From: Ben Bolker <bbolker_at_gmail.com>

Date: Fri, 22 Apr 2011 00:49:11 +0000

R-help_at_r-project.org mailing list

https://stat.ethz.ch/mailman/listinfo/r-help PLEASE do read the posting guide http://www.R-project.org/posting-guide.html and provide commented, minimal, self-contained, reproducible code. Received on Fri 22 Apr 2011 - 02:29:08 GMT

Date: Fri, 22 Apr 2011 00:49:11 +0000

Richard Friedman <friedman <at> cancercenter.columbia.edu> writes:

*>
*

> Dear R-help-list,

*>
**> I have a problem in which the explanatory variables are categorical,
**> the response variable is a proportion, and experiment contains
**> technical replicates (pseudoreplicates) as well as biological
**> replicated. I am new to both generalized linear models and mixed-
**> effects models and would greatly appreciate the advice of experienced
**> analysts in this matter.
**>
**> I analyzed the data in 4 ways and want to know which is the best way.
**> The 4 ways are:
**>
**> 1. A generalized linear model with binomial error in which the
**> positive and negative counts for each biological replicate is summed
**> over technical replicates.
**> 2. Same as 1 with a quasibinomial error model.
**> 3. A generalized linear mixed-effects model with binomial error in
**> which technical replication is treated as a random effect.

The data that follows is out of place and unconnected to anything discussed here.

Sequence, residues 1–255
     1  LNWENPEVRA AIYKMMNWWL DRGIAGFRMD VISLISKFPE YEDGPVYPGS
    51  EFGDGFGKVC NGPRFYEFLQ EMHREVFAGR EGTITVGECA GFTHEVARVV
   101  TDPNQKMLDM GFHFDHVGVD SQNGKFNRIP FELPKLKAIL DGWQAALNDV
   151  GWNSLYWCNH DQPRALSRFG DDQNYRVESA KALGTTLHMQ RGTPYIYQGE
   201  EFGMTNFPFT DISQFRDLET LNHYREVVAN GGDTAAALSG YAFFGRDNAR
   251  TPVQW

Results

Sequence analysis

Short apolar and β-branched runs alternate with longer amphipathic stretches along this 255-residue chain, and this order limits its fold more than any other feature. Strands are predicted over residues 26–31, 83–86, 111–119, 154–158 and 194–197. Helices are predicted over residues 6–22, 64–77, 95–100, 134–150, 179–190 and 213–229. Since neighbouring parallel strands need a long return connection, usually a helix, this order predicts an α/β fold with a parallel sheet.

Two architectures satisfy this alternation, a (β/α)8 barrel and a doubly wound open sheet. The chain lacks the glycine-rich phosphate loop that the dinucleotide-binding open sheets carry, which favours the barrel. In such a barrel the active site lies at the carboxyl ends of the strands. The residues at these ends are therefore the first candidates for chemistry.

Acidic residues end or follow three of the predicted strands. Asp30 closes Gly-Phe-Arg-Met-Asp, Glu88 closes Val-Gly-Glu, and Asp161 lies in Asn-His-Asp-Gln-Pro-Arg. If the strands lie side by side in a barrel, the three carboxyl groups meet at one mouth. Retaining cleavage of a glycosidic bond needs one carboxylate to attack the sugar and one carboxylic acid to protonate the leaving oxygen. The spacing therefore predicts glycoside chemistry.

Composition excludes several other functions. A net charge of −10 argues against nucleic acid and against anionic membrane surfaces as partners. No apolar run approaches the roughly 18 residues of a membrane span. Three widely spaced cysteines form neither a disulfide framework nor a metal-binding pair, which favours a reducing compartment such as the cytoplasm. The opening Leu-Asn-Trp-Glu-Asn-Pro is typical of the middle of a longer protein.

**> 4. A generalized linear mixed-effects model with binomial error in
**> which technical replication is treated as a random effect and
**> overdispersion is taken into account by individual level variability.
*

Off the top of my head, I would say that #4 is best.

*>
*

> Here are the relevant data for each model:

*>
**> For everything:
**>
**> > sessionInfo()
**> R version 2.13.0 (2011-04-13)
**> Platform: i386-apple-darwin9.8.0/i386 (32-bit)
**>
**> locale:
**> [1] en_US.UTF-8/en_US.UTF-8/C/C/en_US.UTF-8/en_US.UTF-8
**>
**> attached base packages:
**> [1] stats graphics grDevices utils datasets methods base
**>
**> other attached packages:
**> [1] lme4_0.999375-39 Matrix_0.999375-50 lattice_0.19-23
**>
**> loaded via a namespace (and not attached):
**> [1] grid_2.13.0 nlme_3.1-100 stats4_2.13.0 tools_2.13.0
*

X <- read.table("mouse.dat",header=TRUE,
colClasses=rep(c("factor","numeric"),c(3,2)))
Xagg <- aggregate(cbind(positive,negative)~treatment+mouse,data=X,FUN=sum)
## gets your aggregated data

*>
**> 1. A generalized linear model with binomial error in which the
*

> positive and negative counts for each biological replicate is summed

> over technical replicates.

model <- glm(cbind(positive,negative)~treatment,family=binomial,data=Xagg)

If all the assumptions of the model were actually met this might be OK (since if all observations on all mice were really independent, the sum of binomials would be binomial) but the residual deviance suggests overdispersion (dev/df approx. 2)

*> Null deviance: 60.467 on 17 degrees of freedom
**> Residual deviance: 28.711 on 14 degrees of freedom
*

> (2 observations deleted due to missingness)

**> AIC: 160.35
**
(note that your 2 NA observations got dropped during my aggregation
step)

*>
*

> Since Residual deviance >> degrees of freedom I tried

yes (I'm working through this before I see your comments, but you seem to be on the right track)

*>
**> 2. Same as 1 with a quasibinomial error model.
**>
*

> > model<-glm(y ~ treatment, quasibinomial)

*> > summary(model)
**>
**> Call: